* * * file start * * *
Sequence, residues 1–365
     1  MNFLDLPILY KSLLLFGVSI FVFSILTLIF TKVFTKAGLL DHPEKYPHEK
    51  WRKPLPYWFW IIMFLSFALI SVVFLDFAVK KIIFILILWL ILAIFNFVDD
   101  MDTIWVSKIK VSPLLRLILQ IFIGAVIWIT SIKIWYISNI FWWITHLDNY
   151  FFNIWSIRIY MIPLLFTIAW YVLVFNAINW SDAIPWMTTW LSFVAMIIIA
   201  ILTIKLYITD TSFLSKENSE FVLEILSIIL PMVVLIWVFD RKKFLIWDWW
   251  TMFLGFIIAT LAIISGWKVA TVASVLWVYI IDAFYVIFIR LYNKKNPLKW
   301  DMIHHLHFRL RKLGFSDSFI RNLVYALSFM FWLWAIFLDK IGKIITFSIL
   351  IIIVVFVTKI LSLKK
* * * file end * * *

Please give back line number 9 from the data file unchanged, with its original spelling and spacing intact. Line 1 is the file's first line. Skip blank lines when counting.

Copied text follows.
   351  IIIVVFVTKI LSLKK